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High CRP values predict poor survival in patients with penile cancer.

Steffens S, Al Ghazal A, Steinestel J, Lehmann R, Wegener G, Schnoeller TJ, Cronauer MV, Jentzmik F, Schrader M, Kuczyk MA, Schrader AJ - BMC Cancer (2013)

Bottom Line: The Kaplan-Meier 5-year cancer-specific survival (CSS) rate was 38.9% for patients with preoperative CRP levels above 15 mg/l and 84.3% for those with lower levels (p=0.001).A high preoperative serum CRP level was associated with poor survival in patients with penile cancer.If larger patient populations confirm its prognostic value, its routine use could enable better risk stratification and risk-adjusted follow-up of patients with SCC of the penis.

View Article: PubMed Central - HTML - PubMed

Affiliation: Department of Urology, Hannover Medical School, Hannover, Germany. steffens.sandra@mh-hannover.de

ABSTRACT

Background: High levels of circulating C-reactive protein (CRP) have recently been linked to poor clinical outcome in various malignancies. The aim of this study was to evaluate the prognostic significance of the preoperative serum CRP level in patients with squamous cell carcinoma (SCC) of the penis.

Methods: This retrospective analysis included 79 penile cancer patients with information about their serum CRP value prior to surgery who underwent either radical or partial penectomy at two German high-volume centers (Ulm University Medical Center and Hannover Medical School) between 1990 and 2010. They had a median (mean) follow-up of 23 (32) months.

Results: A significantly elevated CRP level (>15 vs. ≤ 15 mg/l) was found more often in patients with an advanced tumor stage (≥pT2) (38.9 vs. 11.6%, p=0.007) and in those with nodal disease at diagnosis (50.0 vs. 14.6%, p=0.007). However, high CRP levels were not associated with tumor differentiation (p=0.53). The Kaplan-Meier 5-year cancer-specific survival (CSS) rate was 38.9% for patients with preoperative CRP levels above 15 mg/l and 84.3% for those with lower levels (p=0.001). Applying multivariate analysis and focusing on the subgroup of patients without metastasis at the time of penile surgery, both advanced local tumor stage (≥pT2; HR 8.8, p=0.041) and an elevated CRP value (>15 mg/l; HR 3.3, p=0.043) were identified as independent predictors of poor clinical outcome in patients with penile cancer.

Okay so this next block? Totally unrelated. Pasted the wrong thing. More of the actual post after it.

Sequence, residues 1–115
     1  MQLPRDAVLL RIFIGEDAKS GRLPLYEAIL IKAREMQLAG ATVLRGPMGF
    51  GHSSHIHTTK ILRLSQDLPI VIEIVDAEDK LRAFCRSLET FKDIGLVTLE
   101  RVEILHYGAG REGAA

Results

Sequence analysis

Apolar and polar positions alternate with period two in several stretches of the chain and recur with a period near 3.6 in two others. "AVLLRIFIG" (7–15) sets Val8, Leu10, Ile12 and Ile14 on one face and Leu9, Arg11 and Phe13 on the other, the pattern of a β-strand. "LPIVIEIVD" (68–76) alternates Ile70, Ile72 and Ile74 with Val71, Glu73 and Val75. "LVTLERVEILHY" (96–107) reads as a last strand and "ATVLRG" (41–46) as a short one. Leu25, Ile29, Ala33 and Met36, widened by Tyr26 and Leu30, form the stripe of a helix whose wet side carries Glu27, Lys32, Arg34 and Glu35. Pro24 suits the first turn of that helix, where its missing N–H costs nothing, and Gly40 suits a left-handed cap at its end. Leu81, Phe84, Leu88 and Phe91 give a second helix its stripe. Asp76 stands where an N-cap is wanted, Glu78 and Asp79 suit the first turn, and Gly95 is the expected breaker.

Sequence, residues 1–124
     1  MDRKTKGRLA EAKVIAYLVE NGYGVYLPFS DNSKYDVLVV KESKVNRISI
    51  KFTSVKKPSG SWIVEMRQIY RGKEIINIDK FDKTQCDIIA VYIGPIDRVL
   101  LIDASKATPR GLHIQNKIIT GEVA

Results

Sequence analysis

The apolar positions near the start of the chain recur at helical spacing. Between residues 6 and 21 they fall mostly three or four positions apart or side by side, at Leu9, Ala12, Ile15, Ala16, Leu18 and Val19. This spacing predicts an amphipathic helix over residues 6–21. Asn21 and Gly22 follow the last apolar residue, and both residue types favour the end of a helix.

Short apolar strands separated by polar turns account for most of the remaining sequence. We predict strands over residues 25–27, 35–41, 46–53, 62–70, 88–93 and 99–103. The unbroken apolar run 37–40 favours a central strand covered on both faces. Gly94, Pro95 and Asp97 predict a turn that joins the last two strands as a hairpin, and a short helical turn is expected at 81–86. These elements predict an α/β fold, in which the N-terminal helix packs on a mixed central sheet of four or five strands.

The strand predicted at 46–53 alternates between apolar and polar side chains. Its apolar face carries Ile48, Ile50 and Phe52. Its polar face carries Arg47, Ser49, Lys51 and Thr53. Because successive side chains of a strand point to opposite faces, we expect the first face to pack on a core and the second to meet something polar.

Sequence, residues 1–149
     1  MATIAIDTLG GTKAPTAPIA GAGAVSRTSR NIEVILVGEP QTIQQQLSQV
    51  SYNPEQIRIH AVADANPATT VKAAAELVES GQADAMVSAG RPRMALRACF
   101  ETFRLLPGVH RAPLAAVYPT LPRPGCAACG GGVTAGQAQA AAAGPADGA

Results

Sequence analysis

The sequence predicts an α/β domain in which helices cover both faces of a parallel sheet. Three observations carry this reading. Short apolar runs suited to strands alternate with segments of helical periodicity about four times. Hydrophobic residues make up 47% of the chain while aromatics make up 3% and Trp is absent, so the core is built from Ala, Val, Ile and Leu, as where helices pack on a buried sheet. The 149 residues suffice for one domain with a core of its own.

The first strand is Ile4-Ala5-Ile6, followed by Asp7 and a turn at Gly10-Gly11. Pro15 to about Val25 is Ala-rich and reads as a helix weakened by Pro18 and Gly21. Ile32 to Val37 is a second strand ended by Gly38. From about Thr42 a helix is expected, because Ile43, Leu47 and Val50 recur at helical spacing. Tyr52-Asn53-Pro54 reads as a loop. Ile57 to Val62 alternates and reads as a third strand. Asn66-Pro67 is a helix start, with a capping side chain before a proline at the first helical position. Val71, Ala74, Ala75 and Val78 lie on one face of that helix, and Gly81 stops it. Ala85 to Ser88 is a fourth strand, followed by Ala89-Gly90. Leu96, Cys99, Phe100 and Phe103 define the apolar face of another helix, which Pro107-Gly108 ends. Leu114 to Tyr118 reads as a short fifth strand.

Conclusions: A high preoperative serum CRP level was associated with poor survival in patients with penile cancer. If larger patient populations confirm its prognostic value, its routine use could enable better risk stratification and risk-adjusted follow-up of patients with SCC of the penis.

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Cancer-specific survival (Kaplan-Meier) of patients with penile SCC plotted against the preoperative CRP group. The 5-year survival rate of all evaluable patients (n=69) was 84.3% for CRP ≤15 mg/l (n=54) and 38.9% for CRP >15 mg/l (n=15) (p=0.001, log rank).
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Figure 1: Cancer-specific survival (Kaplan-Meier) of patients with penile SCC plotted against the preoperative CRP group. The 5-year survival rate of all evaluable patients (n=69) was 84.3% for CRP ≤15 mg/l (n=54) and 38.9% for CRP >15 mg/l (n=15) (p=0.001, log rank).

Mentions: Univariate Cox regression analysis showed that – in contrast to older age (>median; HR 0.52, 95% CI 0.16-1.73, p=0.30), elevated BMI (>25 kg/m2; HR 0.51, 95% CI 0.16-1.77, p=0.29), and even high tumor grade (≥G3; HR 1.63, 95% CI 0.48-5.49, p=0.43) - both high tumor stage (≥pT2; HR 17.16, 95% CI 2.21-133.34, p=0.007) and metastasis at diagnosis (HR 12.02, 95% CI 3.23-44.79, p<0.001) were associated with poor CSS. An elevated CRP value also proved to be a prognosticator of poor CSS, regardless of the cut-off level. However, using ROC analysis a CRP cut-off of 15 mg/l was found to be optimal for achieving high prognostic accuracy. Accordingly, with a hazard ratio (HR) of 5.58 (95% CI 1.79-17.42, p=0.003), the CRP cut-off of 15 mg/l was superior to alternative cut-offs of 5 mg/l (HR 3.55, 95% CI 1.07-11.85, p=0.039), 10 mg/l (HR 4.59, 95% CI 1.47-14.31, p=0.009), or 20 mg/l (HR 4.18, 95% CI 1.32-13.22, p=0.015). The 5-year survival rate of all evaluable patients (n=69) was 84.3% for CRP ≤15 mg/l (n=54) and 38.9% for CRP >15 mg/l (n=15; p=0.001, log rank; Figure 1).